A normal screw driver will do if you don’t have anything else handy ( I have chasing tools but I also use nails , screw drivers and other things i find )

clean and polish your cross

clean and polish your cross

I have a larger polishing machine where I have the same buffing wheel as on my small flex shaft ( the machine in the picture ) but If you have a setting for he stone its better to use the smaller wheel A Flex shaft is esentially a dremel with a long flexible tube ( yes I am aware hat he name is funny )

After you have done your first polishing add patina

After you have done your first polishing add patina

I used a liquid that I can brush on .usually I use Liver of sulfur but I am still nauseated due to the car accident we had on Saturday and Liver of sulfur makes me gag at the moment ( stinks like rotten eggs – and no mom i am not pregnant !! )

polish again

polish again

add your stone

add your stone

the little cup were the stone sits in is called a bezel cup , you can either make your own or buy them , I will make my own if I have irregular shaped stones or If I feel like making one . Most of the time i am lazy though and just use the bought ones next to he cross you see my stone setting tool , the cup has little teeth that get pushed CAREFULLY over the stone to hold he cabochon in place , start a 12 o’clock and push once , go to 6 o’clock and push some teeth over the stone at that position , then goto 3 o’clock then to 9 o’clock , the reason for doing that is so that tthe stone ges set even in right smack in the middle of the cup , take your finger and try to move the stone when you have pushed all the teeth over it . If i does not move you are done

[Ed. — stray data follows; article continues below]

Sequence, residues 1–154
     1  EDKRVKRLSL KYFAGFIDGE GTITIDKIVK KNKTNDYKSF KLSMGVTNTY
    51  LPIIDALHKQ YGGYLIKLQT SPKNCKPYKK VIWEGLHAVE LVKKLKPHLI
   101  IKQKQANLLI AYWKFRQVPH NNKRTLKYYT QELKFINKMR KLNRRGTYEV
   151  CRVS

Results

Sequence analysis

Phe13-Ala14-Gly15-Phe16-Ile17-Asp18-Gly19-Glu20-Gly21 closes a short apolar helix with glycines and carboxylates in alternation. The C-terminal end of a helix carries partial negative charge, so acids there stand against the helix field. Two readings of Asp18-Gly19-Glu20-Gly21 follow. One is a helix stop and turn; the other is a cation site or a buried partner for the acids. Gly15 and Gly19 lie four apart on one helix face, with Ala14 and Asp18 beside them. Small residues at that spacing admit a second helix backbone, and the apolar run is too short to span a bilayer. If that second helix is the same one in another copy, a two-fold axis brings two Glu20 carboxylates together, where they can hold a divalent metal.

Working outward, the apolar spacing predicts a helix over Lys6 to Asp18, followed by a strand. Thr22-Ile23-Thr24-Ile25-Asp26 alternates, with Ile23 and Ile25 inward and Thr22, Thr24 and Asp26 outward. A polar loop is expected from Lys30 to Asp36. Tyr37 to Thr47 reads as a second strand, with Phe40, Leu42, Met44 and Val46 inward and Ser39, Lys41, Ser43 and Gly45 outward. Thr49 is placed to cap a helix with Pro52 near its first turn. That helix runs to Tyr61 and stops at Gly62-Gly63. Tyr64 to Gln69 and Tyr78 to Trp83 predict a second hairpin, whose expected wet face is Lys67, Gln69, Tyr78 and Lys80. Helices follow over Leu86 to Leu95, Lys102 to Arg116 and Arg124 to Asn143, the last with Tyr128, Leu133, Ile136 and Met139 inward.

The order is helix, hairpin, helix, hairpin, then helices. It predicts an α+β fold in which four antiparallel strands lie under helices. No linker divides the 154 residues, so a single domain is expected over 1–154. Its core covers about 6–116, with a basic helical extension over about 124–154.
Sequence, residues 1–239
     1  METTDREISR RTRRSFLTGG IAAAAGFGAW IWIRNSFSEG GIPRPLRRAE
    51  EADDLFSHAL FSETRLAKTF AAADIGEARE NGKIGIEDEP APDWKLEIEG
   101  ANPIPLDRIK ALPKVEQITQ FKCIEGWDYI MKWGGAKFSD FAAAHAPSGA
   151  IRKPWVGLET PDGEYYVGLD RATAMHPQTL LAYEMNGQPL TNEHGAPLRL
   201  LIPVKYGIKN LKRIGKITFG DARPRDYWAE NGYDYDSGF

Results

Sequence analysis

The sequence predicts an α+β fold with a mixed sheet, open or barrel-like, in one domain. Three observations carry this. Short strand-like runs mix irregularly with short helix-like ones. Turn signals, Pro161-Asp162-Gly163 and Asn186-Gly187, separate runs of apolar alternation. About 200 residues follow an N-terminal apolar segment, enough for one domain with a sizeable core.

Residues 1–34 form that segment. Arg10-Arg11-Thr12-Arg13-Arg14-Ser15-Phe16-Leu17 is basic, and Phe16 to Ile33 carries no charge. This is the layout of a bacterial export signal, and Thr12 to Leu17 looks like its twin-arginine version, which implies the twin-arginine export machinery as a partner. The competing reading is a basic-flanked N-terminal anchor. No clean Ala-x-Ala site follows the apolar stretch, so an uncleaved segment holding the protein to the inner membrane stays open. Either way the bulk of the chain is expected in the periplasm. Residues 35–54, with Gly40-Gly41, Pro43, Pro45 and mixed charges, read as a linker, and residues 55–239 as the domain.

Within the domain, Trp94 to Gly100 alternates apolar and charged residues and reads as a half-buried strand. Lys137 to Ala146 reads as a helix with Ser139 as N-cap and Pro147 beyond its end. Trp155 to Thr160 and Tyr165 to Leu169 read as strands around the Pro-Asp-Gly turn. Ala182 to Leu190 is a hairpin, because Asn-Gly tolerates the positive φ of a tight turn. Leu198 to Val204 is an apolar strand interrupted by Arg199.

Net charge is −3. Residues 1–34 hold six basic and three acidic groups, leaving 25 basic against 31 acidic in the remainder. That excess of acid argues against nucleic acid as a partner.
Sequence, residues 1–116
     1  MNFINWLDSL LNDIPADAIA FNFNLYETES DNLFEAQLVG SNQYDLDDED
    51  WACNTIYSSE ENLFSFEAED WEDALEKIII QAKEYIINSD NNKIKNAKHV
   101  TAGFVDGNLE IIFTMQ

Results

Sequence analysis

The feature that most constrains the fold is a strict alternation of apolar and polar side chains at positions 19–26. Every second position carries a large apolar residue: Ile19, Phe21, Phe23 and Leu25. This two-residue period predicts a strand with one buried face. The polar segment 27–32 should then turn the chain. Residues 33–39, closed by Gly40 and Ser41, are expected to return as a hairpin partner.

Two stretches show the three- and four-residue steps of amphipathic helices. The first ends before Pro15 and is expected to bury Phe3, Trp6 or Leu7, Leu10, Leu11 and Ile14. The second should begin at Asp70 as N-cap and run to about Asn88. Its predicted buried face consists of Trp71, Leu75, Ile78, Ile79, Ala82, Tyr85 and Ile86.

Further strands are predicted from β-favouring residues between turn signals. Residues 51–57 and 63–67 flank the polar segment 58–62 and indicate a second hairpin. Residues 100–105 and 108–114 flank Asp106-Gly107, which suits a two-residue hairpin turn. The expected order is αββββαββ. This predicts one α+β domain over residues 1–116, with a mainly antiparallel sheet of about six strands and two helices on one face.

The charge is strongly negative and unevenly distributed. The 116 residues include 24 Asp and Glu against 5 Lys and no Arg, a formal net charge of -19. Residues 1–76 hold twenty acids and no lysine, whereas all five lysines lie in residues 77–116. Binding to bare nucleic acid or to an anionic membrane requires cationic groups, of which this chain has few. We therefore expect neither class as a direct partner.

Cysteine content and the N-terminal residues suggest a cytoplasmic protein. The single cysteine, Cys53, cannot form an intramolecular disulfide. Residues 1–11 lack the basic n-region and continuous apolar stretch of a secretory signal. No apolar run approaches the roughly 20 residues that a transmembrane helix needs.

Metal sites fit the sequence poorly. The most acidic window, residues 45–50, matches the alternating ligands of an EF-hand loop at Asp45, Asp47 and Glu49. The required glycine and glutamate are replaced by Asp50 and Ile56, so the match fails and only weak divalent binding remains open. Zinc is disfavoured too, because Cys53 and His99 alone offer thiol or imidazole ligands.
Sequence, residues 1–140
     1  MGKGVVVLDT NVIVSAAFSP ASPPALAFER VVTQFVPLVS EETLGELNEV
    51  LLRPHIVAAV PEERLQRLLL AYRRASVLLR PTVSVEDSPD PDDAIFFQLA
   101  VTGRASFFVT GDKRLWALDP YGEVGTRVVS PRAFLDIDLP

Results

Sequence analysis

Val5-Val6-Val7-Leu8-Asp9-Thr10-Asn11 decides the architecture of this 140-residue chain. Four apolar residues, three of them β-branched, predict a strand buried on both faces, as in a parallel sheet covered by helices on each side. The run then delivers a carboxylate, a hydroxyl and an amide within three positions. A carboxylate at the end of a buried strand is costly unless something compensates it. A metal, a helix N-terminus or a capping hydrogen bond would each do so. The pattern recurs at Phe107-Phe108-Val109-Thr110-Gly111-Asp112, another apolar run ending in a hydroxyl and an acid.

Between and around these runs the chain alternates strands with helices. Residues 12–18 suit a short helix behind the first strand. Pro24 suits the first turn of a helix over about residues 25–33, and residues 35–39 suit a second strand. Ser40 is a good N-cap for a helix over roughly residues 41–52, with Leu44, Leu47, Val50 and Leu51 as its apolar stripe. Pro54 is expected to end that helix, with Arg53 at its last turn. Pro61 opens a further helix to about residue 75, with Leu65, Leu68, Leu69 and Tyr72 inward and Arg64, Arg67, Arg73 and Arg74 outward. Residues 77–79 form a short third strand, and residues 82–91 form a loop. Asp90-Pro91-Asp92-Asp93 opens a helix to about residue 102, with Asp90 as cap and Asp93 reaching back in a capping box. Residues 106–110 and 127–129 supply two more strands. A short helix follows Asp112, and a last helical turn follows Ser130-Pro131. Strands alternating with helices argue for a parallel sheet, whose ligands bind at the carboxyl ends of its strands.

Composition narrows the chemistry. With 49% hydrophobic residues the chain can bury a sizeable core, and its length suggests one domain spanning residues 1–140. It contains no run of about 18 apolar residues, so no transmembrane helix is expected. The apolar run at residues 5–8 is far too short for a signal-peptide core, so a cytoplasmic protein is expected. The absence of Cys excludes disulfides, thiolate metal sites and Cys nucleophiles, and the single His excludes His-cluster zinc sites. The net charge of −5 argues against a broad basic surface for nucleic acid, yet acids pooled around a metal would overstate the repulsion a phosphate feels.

close up of he little teeth of the bezel cup

close up of he little teeth of the bezel cup

Now you can hand polish with a cloth to ge rid of your finger prints , add a jump ring and a chain and ….tata…….. done πŸ™‚ hope as always you enjoyed it nici

seagull tiebar – fresh from the bench

Today I made a seagull tie bar out of sterling silver and added some stones to it . I used 18 gauge sterling silver, 2 x 3mm serrated bezel cups and 2 x 3mm black Onyx cabochons.

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what else you need

jewelry saw and 1/0 saw blades

chasing tools or screw drivers, a hammer , a nylon hammer or rawhide hammer

steel wool or sandpaper if you do not have a flex shaft or dremel for polishing

a torch , flux, solder , pickle solution

patina ( liver of sulfur or black max )

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draw your bird on the sheet – you can use a template or freehand designs , add a bar to make the overall length 4 inches ( this tie bar is going to be for a normal sized tie ) scale down if you want to make one for a skinny tie. Start sawing your tie bar out , when you are done sawing add some texture with the chasing tools